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Old November 11, 2007, 11:33 PM   #1
Abndoc
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M14 compared to M16

http://www.youtube.com/watch?v=4weIh3Mc6kU

This is a video comparing the two rifles. It's just one guys opinion and I really don't agree. His testing methods leave something to be desired.
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Old November 12, 2007, 12:09 AM   #2
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dude, alot of there "facts" are not facts.
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Old November 12, 2007, 01:31 PM   #3
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The video wasn't bad.

As for the "testing". All he wanted to do was demonstrate that the recoil is better and allows for much more accurate full auto fire. If you don't hit your target, it doesn't matter how big the round is that you are shooting.

They discussed many of the supposed drawbacks of the M16 and it's cartridge.

I think you guys are probably reading too much into it.
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Old November 12, 2007, 06:22 PM   #4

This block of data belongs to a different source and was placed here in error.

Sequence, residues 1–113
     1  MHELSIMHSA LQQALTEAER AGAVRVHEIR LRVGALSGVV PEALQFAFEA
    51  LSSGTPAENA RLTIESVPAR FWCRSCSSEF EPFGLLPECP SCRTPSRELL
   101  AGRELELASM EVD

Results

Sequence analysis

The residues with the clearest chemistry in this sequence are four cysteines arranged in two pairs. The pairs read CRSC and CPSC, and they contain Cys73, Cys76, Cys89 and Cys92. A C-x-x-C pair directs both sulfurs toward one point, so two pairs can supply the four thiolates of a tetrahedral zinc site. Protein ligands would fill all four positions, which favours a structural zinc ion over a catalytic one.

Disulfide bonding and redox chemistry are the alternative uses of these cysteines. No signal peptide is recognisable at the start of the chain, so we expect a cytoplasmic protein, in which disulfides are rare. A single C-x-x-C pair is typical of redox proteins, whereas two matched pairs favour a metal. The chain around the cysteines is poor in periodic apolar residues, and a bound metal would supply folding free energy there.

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I don't need to see the video....

I have used both in real life. And was Army trained as a Small Arms Repairman on both the M14 and the M16A1.

My preference, if I am going hunting (men or anything else), I choose the M14 over the M16. In a defensive situation, the M16 has the edge in putting out rounds faster, but neither one comes close to a good dependable belt fed gun (like a Browning, or an FN, not like the M60).

Modern variants of the AR have inproved the accuracy a lot, and the dependability some (with the right ammo it never was as bad as the rep it got, but with the wrong ammo it sucked) too bad it only took them 40 some odd years to get most of the bugs out of the system!
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Old November 12, 2007, 06:35 PM   #5
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Originally Posted by 44 AMP
I have used both in real life. And was Army trained as a Small Arms Repairman on both the M14 and the M16A1.

My preference, if I am going hunting (men or anything else), I choose the M14 over the M16. In a defensive situation, the M16 has the edge in putting out rounds faster, but neither one comes close to a good dependable belt fed gun (like a Browning, or an FN, not like the M60).

Modern variants of the AR have inproved the accuracy a lot, and the dependability some (with the right ammo it never was as bad as the rep it got, but with the wrong ammo it sucked) too bad it only took them 40 some odd years to get most of the bugs out of the system!